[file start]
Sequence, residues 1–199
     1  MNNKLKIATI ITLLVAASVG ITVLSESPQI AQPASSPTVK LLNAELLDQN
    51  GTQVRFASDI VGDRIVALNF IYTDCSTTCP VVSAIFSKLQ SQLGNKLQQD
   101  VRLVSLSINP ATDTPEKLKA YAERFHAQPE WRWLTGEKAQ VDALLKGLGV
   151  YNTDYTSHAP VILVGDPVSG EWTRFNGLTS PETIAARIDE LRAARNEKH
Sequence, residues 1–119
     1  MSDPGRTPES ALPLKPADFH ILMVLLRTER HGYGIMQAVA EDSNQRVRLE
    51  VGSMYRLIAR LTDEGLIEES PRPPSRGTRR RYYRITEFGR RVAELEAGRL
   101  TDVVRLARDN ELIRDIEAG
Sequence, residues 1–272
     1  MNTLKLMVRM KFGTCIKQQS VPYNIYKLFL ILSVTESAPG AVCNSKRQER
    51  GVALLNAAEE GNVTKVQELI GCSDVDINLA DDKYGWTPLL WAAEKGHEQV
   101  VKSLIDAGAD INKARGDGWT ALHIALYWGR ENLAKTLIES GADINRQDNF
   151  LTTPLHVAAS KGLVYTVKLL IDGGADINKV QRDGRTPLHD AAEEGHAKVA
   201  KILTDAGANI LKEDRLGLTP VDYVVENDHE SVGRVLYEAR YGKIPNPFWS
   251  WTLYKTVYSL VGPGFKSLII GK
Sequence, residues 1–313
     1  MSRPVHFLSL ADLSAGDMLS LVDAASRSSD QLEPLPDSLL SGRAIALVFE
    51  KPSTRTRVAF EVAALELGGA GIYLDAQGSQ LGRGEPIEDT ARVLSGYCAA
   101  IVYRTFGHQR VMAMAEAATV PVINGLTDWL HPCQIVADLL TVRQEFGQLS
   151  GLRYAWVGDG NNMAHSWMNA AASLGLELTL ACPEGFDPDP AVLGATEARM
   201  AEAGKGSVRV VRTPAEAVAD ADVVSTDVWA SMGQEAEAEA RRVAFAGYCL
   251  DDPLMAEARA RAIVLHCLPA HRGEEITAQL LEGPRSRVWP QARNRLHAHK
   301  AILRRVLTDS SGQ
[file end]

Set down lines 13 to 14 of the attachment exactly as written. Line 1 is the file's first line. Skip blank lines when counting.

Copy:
   101  VKSLIDAGAD INKARGDGWT ALHIALYWGR ENLAKTLIES GADINRQDNF
   151  LTTPLHVAAS KGLVYTVKLL IDGGADINKV QRDGRTPLHD AAEEGHAKVA